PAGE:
Show simple item record

dc.contributor.advisorThayer, Robert
dc.contributor.authorWittock, Roy Ralph
dc.date.accessioned2017-06-07T20:09:24Z
dc.date.available2017-06-07T20:09:24Z
dc.date.created2002
dc.date.issued2002
dc.identifier.urihttp://knowledgecommons.lakeheadu.ca/handle/2453/3235
dc.description.abstractSince Harman ' fîrst proposed that the mitochondria plays a role in the aging process, several lines of research have been undertaken to support his theory. According to the theory, oxygen free radicals are responsible for the age-associated decline in function at the cellular, tissue and organ levels. The mitochondria use oxygen at a high rate, but due to a dysfunction in its usage of oxygen the mitochondria releases oxygen free radicals, which exceeds the cellular antioxidant defense. The mitochondrial genome, however, is extremely susceptible to oxidative damage and DNA mutations, including deletions when compared to nuclear DNA. One of the causative agents of this deletion(s) includes oxygen free radicals, by-product of ATP (energy) production. The most frequent deletion associated with aging and diseases is known as “the common deletion” or 4977 base pair (bp) deletion. In recent years a number of studies have been able to detect mitochondrial DNA (mtDNA) deletions in various tissues from individuals over 20 years of age. However, these studies were all cross-sectional in nature and the DNA sources were all post-mitotic tissues such as muscle and brain. Mitotic tissues, such as blood were not used even though acquiring blood is usually less invasive and would be more convenient to study the aging process. Also, since aging occurs over time a longitudinal study design would be the most appropriate model for the detection and quantification of mtDNA deletion(s). It has been well documented that identical mtDNA is transmitted from mother to child at the point of conception, and therefore monitoring the incidence of mtDNA deletion(s) by employing a maternal line across several generations would mimic a longitudinal study model. Therefore, the first purpose of this study is to mimic the benefits of a longitudinal study design by employing maternal lines (3 & 4 generations) to establish mtDNA deletion(s) as a sensitive, specific and stable biomarker for studying the aging process. The second purpose of this study is to determine the differences in mtDNA deletions when comparing muscle and blood. There were 75 healthy participants with age ranging from 8 months to 99 years. The participants provided 71 blood samples and 27 muscle biopsies. --from abstract.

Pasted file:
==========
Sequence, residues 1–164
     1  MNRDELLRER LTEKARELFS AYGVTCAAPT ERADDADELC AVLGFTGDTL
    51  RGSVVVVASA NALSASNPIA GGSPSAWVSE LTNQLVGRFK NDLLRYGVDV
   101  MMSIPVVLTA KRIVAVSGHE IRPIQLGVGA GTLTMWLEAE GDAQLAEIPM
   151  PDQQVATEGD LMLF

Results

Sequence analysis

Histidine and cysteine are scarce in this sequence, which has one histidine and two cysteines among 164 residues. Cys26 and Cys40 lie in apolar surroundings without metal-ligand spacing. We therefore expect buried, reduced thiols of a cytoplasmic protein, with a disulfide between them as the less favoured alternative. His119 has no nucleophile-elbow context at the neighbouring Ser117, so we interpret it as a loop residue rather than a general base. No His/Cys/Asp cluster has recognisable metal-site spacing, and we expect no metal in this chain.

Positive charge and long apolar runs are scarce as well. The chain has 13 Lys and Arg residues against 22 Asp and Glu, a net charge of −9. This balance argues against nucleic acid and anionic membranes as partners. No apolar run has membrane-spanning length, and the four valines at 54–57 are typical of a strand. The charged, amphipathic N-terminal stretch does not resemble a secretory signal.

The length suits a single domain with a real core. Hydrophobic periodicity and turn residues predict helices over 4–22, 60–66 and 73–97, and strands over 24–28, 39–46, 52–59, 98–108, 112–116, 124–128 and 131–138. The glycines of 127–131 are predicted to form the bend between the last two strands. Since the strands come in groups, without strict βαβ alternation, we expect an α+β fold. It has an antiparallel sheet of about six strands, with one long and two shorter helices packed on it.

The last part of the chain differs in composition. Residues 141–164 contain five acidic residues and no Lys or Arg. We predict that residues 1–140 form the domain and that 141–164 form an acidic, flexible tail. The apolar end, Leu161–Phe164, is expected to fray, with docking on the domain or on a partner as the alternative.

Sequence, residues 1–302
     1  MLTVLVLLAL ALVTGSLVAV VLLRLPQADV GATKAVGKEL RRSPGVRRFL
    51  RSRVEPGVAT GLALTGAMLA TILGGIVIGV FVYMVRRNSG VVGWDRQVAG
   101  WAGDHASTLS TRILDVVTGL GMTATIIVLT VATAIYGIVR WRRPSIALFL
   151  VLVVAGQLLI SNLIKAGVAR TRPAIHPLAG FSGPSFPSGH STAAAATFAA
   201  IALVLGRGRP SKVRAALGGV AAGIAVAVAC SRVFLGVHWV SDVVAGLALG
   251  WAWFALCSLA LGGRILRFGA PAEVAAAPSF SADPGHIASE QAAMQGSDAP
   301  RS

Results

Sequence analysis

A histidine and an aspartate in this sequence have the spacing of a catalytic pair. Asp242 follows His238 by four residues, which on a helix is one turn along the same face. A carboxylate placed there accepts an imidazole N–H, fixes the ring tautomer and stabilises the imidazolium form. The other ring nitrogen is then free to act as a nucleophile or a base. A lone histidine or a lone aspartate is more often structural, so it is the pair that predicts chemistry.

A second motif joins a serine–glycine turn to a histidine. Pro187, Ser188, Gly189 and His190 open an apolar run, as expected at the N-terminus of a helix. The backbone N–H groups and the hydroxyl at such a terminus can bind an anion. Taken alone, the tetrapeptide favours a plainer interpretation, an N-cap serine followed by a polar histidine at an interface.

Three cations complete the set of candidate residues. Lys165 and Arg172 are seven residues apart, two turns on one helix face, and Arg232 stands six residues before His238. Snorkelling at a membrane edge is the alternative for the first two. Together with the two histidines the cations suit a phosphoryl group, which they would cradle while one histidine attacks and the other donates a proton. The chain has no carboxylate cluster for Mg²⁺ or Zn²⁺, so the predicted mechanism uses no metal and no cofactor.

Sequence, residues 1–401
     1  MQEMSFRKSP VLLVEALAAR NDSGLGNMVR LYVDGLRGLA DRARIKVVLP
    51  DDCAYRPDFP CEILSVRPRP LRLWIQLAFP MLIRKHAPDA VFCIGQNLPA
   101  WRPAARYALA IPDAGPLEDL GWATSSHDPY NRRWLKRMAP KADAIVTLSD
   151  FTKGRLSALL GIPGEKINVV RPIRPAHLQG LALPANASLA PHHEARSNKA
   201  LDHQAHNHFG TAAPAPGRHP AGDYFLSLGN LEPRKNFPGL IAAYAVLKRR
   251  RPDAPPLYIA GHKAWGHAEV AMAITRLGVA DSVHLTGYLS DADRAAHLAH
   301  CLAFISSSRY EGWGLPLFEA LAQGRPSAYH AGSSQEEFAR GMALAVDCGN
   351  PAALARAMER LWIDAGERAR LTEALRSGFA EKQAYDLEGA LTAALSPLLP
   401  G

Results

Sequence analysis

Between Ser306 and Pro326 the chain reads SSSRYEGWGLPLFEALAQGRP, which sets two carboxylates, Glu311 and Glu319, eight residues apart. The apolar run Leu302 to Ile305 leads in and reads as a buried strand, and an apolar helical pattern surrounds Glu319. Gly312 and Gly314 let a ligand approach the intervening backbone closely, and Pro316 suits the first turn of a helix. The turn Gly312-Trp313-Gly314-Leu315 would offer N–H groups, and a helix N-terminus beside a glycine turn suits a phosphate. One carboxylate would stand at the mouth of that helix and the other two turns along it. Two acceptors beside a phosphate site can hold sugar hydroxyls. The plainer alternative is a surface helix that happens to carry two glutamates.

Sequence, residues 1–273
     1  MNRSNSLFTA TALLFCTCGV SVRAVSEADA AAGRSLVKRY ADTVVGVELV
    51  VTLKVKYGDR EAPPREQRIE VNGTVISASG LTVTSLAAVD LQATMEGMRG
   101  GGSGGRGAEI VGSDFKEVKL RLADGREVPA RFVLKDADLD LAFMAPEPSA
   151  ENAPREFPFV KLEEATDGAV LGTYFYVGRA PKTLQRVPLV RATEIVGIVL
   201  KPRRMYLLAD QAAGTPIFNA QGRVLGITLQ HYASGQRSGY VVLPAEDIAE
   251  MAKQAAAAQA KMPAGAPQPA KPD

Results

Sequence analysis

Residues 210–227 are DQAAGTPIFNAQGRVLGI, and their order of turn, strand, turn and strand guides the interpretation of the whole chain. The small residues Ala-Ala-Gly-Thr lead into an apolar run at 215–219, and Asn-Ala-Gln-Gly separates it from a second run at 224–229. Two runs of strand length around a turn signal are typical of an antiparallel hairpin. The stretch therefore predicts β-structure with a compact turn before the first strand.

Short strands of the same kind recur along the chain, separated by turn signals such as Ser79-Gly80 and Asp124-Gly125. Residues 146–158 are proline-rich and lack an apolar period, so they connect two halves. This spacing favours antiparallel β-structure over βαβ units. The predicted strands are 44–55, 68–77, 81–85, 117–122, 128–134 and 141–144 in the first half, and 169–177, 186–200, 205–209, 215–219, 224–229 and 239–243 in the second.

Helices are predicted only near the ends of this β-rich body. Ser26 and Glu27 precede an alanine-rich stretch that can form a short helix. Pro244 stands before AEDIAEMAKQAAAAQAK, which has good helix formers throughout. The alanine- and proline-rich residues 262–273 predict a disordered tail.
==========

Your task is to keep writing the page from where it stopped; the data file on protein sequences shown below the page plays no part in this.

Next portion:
dc.language.isoen_US
dc.subjectMitochondrial DNA analysis
dc.subjectMitochondrion
dc.subjectMitochondria and the aging process
dc.titleEffects of chronological age on mitochondrial DNA (mtDNA) deletion in muscle and blood of older individuals : a maternal line study
dc.typeThesis
etd.degree.nameMaster of Science
etd.degree.levelMaster
etd.degree.disciplineKinesiology
etd.degree.grantorLakehead University
dc.contributor.committeememberParr, Ryan
dc.contributor.committeememberDakubo, Gabriel
dc.contributor.committeememberMontelpare, Bill
dc.contributor.committeememberZullo, Steve


Files in this item

Thumbnail

This item appears in the following Collection(s)

Show simple item record